Art's Creative Healing Connections for Members of the Military
“The arts help bring home those who have put and continue to put their lives in harm’s way to protect and promote the values and way of life we cherish.” Tom Smith should not be alive. In Vietnam he was a helicopter scout pilot for the 1st Cavalry Division. In Vietnam, helicopter pilots flew through the heaviest concentrations of enemy fire and an attrition rate twenty times that of U.S. Air Force pilots, and of them, the Cavalry pilots were hit hardest having a forty to fifty percent survival rate and a life expectancy of three weeks. His job was to fly at treetop level, often at 30 mph or less to locate the enemy usually by drawing their fire. Smith describes the cause of his Post Traumatic Stress Disorder (PTSD) not as a result of such horrific experiences of being shot down, the rotors being snapped off by the trees, or looking at the gunman bellow whose bullets are ripping through the fuselage, but by living with the daily grind of fear.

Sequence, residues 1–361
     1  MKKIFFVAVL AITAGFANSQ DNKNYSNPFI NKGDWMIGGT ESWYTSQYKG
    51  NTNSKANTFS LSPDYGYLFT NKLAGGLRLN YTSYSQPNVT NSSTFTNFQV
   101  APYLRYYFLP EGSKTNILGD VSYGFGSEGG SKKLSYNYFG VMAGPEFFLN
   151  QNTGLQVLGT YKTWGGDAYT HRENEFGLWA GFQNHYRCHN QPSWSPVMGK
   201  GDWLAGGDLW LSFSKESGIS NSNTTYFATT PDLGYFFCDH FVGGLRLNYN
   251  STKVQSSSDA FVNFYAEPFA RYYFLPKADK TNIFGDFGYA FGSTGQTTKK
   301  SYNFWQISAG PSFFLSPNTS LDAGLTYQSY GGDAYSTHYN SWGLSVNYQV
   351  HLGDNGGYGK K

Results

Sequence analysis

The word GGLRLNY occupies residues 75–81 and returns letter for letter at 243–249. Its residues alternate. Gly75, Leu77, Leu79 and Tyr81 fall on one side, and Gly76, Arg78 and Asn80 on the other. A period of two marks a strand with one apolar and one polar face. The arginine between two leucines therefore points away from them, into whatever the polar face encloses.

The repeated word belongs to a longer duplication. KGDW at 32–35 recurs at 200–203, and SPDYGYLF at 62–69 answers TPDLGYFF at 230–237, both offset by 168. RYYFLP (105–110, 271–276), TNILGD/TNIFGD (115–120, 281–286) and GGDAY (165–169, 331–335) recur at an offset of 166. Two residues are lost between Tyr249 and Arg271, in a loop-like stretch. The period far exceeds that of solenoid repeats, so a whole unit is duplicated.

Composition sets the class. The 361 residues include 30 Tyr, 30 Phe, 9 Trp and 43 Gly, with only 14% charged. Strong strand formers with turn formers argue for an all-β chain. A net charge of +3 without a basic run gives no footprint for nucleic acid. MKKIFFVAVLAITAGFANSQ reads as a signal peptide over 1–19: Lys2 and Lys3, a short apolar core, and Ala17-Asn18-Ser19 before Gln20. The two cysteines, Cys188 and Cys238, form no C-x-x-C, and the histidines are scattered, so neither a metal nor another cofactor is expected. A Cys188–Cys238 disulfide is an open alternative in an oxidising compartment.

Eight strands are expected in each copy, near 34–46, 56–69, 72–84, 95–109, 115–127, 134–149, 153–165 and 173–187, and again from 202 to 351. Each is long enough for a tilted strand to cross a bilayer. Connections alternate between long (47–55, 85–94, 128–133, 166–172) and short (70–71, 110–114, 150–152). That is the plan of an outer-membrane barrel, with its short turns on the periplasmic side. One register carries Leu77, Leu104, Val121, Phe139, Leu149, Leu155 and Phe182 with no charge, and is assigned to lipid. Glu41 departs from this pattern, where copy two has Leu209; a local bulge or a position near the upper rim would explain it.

“For me PTSD comes from living in an environment of fear more than the events that precipitated it,” said Smith. “When I got shot down and was on fire that was really scary. There was no place to put the helicopter down. I had to fly a burning helicopter for an inordinately long time to crash it and that was terrifying. When I got shot down through 150 feet of trees and had the rotor blades ripped off it was quite terrifying and painful as my jaw and back were broken. I went in knowing what I was getting into, but it’s the daily living in an environment of fear – the fight or flight fear that doesn’t go away, that stays with you after you leave the hospital and into civilian life - it changes you as much if not more than the combat situation itself.”
For Smith, it was writing, taken up decades later, that helped him come to terms with and finally be able to speak openly about what it means to living with PTSD and its impact on himself and on his family. Smith’s experience is one that many veterans across the country are increasingly coming to realize; the arts can help them connect with themselves, with others who have shared similar experiences, with their family, and with their community.